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What is Jhatka?

Jhatka is a procedure to slaughter an animal for meat to be consumed by Hindus and Sikhs

 

During Vedic period (from the middle of the second millennium BCE to the middle of the first), ritual animal-sacrifice and eating meat was a predominant custom. Only Brahmins (priestly cast) were to perform the rites.

Upanishads, Mahabharata, Bhagvata Purana bar violence against animals except for ritual killing. Ritual killing is considered as a benevolent act, because the slaughtered animal will attain a higher rebirth in the cycle of reincarnation.

The 'Manu Smiriti' (200 BCE), a Hindu-law book gives the diet rules. It describes ritual sacrifice of specific animals and eating their meat for given purposes.

All animal-slaughter except for ritual killing was strongly condemned, with equal blame on the slaughterer, butcher, cook, and the eater.

 

According to ancient Vedic Hindu customs, the animal was slaughtered by a single strike of a sword or an axe to severe the head (decapitation). This resulted in instantaneous death because the spinal chord was cut off minimizing any pain to the animal.

 

Centuries would pass and Hindus would quit eating beef. Upper castes Indians (specially Brahmins) had become vegetarians, the lower caste Indians (Shudras) ate any thing that was available.

 

Muslims invaded and started to rule India. Muslims ate Halal slaughter based on Quran where the throat of animal was sliced while reciting verses from Quran while the animal faced Mecca. The spinal chord was left in tact till the flowing blood had drained out. Ruling Muslims did not permit any slaughter other than Halal.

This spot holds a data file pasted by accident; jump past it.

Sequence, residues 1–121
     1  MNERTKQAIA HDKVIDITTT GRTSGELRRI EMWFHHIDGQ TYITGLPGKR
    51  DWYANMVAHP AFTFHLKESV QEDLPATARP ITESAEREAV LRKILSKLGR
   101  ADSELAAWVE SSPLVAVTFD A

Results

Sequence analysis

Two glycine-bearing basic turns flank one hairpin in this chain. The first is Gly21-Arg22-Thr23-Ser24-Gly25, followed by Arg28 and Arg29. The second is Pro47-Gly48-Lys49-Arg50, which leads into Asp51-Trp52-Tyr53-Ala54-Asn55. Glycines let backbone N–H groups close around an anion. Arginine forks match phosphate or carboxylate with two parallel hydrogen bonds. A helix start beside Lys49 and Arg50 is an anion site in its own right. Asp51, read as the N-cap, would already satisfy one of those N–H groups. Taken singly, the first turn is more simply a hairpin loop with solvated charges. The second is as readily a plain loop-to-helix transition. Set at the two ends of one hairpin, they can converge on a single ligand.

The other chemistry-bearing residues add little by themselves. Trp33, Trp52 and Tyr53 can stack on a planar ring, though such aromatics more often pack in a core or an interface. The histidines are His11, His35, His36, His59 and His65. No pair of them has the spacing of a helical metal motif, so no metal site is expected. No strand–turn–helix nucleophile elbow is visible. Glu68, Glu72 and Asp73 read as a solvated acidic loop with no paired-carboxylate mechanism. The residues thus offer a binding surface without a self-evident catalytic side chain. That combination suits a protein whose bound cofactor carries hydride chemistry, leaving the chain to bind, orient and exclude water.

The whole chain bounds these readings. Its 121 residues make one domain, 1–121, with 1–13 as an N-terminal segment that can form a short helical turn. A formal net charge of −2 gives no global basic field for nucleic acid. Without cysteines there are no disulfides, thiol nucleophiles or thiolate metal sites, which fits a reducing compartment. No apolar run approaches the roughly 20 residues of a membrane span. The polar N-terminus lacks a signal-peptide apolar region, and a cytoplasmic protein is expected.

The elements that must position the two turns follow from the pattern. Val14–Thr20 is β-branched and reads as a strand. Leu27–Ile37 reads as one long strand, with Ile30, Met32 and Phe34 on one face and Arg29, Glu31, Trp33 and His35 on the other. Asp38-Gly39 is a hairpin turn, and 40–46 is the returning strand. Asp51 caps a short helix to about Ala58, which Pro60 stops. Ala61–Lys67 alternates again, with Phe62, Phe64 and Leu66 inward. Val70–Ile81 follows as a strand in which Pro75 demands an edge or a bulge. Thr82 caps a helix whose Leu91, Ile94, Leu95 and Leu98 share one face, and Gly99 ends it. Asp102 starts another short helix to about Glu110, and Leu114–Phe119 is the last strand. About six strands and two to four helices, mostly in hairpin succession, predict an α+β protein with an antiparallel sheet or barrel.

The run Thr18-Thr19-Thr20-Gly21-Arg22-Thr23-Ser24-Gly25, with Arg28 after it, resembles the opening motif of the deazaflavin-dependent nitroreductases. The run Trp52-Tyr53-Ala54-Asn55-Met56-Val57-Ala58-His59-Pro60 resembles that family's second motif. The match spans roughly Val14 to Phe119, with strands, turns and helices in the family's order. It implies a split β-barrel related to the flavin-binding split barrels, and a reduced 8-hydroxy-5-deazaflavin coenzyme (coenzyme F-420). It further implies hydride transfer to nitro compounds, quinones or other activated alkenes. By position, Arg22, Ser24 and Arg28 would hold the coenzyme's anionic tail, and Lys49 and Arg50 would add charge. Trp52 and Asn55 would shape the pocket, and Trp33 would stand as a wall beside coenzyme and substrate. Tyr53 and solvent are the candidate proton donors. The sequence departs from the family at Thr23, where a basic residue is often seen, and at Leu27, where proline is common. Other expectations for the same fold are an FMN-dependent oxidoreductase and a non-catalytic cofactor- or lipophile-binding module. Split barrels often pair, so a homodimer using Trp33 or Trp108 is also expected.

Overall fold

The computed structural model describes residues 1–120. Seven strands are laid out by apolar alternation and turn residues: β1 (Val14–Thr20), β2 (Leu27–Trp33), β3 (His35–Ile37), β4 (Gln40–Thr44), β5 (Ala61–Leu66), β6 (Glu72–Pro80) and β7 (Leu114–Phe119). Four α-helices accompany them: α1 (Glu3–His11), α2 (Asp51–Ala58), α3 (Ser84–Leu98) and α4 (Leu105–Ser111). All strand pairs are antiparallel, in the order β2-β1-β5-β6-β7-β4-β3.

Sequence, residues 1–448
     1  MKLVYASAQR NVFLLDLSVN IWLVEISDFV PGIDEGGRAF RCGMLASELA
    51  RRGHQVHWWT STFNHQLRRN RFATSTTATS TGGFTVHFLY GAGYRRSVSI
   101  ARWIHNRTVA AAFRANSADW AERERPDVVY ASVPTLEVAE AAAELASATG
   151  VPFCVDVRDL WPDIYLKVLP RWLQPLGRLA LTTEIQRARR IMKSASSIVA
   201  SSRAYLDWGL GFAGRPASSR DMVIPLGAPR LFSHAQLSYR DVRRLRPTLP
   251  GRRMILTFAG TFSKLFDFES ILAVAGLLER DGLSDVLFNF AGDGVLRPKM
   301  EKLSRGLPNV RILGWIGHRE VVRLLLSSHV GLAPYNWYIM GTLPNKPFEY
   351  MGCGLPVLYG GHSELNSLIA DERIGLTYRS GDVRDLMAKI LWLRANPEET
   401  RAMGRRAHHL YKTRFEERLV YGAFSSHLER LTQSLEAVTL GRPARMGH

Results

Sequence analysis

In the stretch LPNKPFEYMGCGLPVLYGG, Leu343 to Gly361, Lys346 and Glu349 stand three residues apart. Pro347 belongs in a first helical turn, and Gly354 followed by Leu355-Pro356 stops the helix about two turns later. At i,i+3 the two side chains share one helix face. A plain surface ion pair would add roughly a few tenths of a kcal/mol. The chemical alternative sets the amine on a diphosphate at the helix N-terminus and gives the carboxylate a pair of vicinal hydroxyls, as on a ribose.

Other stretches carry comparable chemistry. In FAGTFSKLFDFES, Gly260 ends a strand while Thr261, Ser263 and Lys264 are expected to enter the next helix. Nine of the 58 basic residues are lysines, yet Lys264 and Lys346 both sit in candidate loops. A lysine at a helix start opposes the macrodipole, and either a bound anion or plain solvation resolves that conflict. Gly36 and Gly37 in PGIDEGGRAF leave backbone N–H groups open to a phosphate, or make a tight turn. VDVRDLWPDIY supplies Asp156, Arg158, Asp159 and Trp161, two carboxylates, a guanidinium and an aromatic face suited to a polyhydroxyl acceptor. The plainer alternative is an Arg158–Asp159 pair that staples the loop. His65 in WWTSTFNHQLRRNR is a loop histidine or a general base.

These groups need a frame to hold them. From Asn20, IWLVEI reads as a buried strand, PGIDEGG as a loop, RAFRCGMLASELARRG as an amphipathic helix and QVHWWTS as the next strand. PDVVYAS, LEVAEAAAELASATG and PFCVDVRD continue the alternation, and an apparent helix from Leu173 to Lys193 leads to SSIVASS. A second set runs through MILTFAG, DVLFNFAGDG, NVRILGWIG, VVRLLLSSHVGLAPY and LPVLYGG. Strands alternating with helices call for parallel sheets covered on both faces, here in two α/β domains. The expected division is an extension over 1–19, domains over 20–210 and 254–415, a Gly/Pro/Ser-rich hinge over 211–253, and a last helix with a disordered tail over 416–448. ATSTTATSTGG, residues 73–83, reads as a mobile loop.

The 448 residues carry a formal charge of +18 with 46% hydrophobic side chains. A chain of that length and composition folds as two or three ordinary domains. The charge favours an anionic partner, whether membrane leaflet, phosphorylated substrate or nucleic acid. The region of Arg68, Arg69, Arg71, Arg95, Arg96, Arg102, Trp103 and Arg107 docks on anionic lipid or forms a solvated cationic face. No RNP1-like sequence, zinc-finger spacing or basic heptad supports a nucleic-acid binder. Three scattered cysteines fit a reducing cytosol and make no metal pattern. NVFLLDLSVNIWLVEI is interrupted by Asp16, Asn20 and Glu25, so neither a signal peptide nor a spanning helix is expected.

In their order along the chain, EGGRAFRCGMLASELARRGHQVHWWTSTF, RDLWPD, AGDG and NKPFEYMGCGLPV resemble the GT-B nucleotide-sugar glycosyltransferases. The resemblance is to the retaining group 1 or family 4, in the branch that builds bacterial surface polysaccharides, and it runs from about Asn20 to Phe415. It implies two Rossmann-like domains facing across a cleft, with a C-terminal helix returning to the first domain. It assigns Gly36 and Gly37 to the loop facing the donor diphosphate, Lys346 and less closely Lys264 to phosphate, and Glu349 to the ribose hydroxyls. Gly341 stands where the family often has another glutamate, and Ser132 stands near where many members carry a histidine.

Guru Gobind Singh took an issue with the practice of Halal on following grounds.

1. Slicing throat was not instantaneous death causing pain to the animal

2. Reciting Quran verses seemed like a sacrifice to God to expiate the sins of slaughter.

3. Facing of the animal to Mecca seemed for the salvation of the animal.

4. Muslims had no right to impose their religious belief on non-Muslims.

Guru Gobind Singh argued that religious ritual did no good to either the animal or the slaughterer. Let a man satisfy his hunger for flesh if he so chooses. Guru Gobind Singh made Jhatka meat obligatory for Sikhs who wished to eat meat. Eating meat became a personal choice for Sikhs.

Today, Jhatka is only acceptable meat to be consumed by Sikhs and then Hindus. The Jhatka  slaughter is more well defined

Jhatka means an operation with a jerk. The head of the animal is tied to a pole, the hind legs are stretched out and tied to another pole on the opposite side. The head is chopped off with a single stroke of a heavy sharp blade. The animal experiences no pain as the death is instantaneous. There is no religious ritual involved with Jhatka.

 

Akali Takht issued their last Hukamnama (ruling) in 1980 permitting Sikhs to eat meat as long as the animal was slaughtered according to Jhatka.

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